Need to slash your budget? Fire your housecleaner and pick up a broom. This won't take long.
The topic of my most recent Living With Less column was eight quick ways to slash your bills. It showed how 20-minute blocks of time can save you hundreds of bucks -- things like energy-use fixes, haggling for lower prices, and negotiating better deals for cable TV or your credit card.
Space constraints meant I had to hold the line at eight quick ways. Here's another one:
You may not notice you're getting less because the packages may stay the same size. Oh, and the price isn't going down.
Do the things you buy seem not to last as long as they used to?
It's not that you're eating more ice cream (at least we hope you're not). It's that the packages keep getting smaller.
The incredible shrinking product trend that started several years ago is still going strong, Consumer Reports writes in its February issue.
Plaintiffs say devices use permanent ID numbers to access confidential information.
Apple is facing two class-action lawsuits alleging that its iPhone and iPad tablet transmit private user information to advertising networks, without first obtaining permission from affected consumers.
The suits, both filed in California, contend that iPhones and iPads use so-called unique device identifiers or UDIDs to transmit consumer data to advertisers. UDIDs are 40-digit strings used to identify particular devices. Unlike cookies, UDIDs cannot be deleted or modified by users.
The company that owns Cash4Gold is now in the gift card resale biz. How it stacks up against the competition.
Last year, roughly $8 billion worth of gift cards went unused by those who received them. Last weekend, during the televised college football marathon, fans were pitched an alternative: Send in your unwanted cards, and get spend-anywhere cash in return.
But the offer from gift card reseller CardWoo was unusual in the growing secondary marketplace for such cards.
But they won't be much of a deal. Charging $4.95 to send $25 may not lure many customers.
In an effort to drum up business, the U.S. Postal Service has decided to sell gift cards.
Stamp us underwhelmed.
The cards will be the type known as "open loop," issued by Visa, MasterCard, Discover and American Express, usable anywhere credit cards are accepted.
They sound great, don't they? What an easy gift.
But those easy gifts come with hefty fees. The post office plans to charge $4.95 for gift cards with a set rate of $25 and $50 and $5.95 for cards in variable amounts ranging from $26 to $100. There is no word yet on whether the cards will have an expiration date or carry any additional fees.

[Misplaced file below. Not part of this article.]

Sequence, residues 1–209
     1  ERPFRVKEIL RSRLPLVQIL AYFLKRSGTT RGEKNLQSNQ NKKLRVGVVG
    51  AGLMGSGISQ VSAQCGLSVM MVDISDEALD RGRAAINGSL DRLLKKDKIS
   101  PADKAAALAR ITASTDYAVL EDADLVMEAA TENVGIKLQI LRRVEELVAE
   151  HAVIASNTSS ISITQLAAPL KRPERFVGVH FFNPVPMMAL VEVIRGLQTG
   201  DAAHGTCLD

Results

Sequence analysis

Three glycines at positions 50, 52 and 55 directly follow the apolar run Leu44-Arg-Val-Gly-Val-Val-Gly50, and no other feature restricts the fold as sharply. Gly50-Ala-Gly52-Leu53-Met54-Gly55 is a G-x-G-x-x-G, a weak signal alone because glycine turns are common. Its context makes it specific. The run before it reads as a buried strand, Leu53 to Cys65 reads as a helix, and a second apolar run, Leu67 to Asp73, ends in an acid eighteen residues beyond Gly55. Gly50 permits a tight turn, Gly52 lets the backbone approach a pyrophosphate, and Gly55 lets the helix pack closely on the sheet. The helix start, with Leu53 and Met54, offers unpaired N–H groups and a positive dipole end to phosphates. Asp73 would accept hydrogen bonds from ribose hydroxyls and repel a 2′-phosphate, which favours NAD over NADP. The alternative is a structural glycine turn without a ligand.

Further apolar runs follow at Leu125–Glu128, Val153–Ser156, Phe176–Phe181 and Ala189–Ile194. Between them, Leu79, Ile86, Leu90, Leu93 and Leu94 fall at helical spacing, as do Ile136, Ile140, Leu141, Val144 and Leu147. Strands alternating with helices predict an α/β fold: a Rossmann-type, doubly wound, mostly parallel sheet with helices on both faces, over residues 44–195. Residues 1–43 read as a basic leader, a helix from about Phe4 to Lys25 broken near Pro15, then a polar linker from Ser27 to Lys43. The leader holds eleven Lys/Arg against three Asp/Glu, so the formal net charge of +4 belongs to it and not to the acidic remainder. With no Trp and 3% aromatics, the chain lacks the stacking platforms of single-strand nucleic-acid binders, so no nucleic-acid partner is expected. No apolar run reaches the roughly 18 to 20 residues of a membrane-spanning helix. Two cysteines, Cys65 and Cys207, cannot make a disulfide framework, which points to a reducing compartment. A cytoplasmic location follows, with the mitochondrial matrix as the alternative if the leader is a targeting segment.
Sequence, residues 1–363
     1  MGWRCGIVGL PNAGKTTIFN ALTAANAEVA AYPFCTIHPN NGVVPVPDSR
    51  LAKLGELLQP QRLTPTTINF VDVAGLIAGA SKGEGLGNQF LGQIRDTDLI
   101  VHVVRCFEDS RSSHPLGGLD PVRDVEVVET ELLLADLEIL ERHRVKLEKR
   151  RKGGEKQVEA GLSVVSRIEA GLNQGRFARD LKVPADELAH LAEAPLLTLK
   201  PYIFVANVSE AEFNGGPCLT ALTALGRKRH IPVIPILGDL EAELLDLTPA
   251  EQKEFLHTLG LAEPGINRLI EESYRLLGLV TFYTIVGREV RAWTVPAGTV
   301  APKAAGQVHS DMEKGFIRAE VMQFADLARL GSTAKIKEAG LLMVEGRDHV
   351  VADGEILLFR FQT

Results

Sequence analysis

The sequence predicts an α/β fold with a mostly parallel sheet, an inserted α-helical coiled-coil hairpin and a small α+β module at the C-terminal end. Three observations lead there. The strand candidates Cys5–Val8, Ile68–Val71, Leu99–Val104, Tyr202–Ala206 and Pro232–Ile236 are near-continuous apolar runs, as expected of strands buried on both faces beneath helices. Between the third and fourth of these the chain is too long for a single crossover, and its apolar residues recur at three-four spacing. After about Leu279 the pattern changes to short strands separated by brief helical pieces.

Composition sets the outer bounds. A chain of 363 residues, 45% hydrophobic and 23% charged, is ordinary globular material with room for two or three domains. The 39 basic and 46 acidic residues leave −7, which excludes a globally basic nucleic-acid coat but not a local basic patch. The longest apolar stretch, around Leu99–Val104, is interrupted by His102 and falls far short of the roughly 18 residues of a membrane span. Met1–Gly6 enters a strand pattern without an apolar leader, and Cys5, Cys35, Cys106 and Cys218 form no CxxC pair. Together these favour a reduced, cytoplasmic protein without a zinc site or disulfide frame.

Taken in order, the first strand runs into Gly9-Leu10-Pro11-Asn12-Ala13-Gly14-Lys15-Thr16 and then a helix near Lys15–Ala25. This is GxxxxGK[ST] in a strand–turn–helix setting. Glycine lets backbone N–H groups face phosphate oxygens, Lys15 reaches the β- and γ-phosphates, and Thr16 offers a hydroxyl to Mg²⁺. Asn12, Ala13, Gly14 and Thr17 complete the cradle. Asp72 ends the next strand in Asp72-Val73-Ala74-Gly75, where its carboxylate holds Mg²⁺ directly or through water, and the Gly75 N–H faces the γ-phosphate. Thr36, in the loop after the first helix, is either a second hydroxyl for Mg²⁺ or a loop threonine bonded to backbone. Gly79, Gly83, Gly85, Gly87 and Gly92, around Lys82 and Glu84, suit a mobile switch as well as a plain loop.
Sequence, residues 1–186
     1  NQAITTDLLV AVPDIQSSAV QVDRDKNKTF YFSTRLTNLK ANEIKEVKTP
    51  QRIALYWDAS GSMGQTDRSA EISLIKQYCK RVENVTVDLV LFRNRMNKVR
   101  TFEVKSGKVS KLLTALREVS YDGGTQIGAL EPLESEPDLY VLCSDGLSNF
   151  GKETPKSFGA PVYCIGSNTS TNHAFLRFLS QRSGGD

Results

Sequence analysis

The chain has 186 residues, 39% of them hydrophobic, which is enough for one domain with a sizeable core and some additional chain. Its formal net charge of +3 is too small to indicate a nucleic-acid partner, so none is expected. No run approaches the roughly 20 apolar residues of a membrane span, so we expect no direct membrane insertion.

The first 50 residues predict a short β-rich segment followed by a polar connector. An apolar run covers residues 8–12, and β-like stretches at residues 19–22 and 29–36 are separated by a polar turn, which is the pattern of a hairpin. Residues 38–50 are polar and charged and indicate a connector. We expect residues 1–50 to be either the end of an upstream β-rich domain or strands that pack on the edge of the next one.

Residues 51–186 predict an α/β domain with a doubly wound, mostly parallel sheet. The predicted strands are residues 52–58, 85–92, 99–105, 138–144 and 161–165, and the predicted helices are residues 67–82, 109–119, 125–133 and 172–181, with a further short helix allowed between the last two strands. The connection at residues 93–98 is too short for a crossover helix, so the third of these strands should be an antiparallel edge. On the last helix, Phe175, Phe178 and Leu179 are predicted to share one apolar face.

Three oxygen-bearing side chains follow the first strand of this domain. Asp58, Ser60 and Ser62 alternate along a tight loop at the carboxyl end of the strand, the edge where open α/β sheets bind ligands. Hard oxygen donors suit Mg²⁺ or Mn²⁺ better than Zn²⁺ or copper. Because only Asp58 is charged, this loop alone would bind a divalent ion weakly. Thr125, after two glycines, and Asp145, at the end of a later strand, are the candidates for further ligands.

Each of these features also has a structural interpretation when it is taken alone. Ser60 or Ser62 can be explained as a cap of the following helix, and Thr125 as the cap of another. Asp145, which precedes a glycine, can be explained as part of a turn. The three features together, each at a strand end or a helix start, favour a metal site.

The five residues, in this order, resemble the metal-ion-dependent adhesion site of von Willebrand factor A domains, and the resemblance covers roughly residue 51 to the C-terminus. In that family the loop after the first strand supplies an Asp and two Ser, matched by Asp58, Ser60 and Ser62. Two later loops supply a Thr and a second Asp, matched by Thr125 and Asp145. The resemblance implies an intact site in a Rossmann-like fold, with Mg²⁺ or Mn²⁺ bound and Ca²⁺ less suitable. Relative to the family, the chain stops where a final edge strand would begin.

Our son is starting to understand that money represents time and effort.
For us, 2010 was a year of learning both for the parents and children in our household about what allowance means, how it works, and what kinds of money lessons our children are learning.
Let's roll back the clock to November 2009, when our children each received piggy banks and the allowance adventure got under way.
Worried about getting off to a bad start on your New Year's resolutions? Then it might be time to assess your goals with free online tests.
The new year is only a few days old, but your resolutions may already be off track. Americans would rather get rich than get skinny this year, as we reported, yet only one-third of them made a financial plan part of their resolutions.
What other New Year's goals are you in danger of missing? Whether you resolved to get richer, skinnier or smarter in 2011, these free online tools from reputable organizations will help you keep your goals on track.
Now we can learn something from the show about nothing.
What can "Seinfeld" teach us about money and the economy? Plenty, it seems.
Three professors use the episodes of that 1990s show (which lives on in syndication) to teach the fundamentals of economics, according to our friend J.D. Roth at Get Rich Slowly. They share their lessons at a website called The Economics of Seinfeld, also known as yadayadayadaecon.com.
The "Soup Nazi," for example, offers lessons in the economic concepts of barriers to entry and monopoly power, since the scowling martinet cook seems to have a lock on the tasty soup market. Elaine stumbling on his stash of soup recipes shows how quickly a monopoly can be broken.
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One online calculator tells a reader he's on track, and another tells him he'll need to save half his salary from now until he retires. Which one are you supposed to believe?
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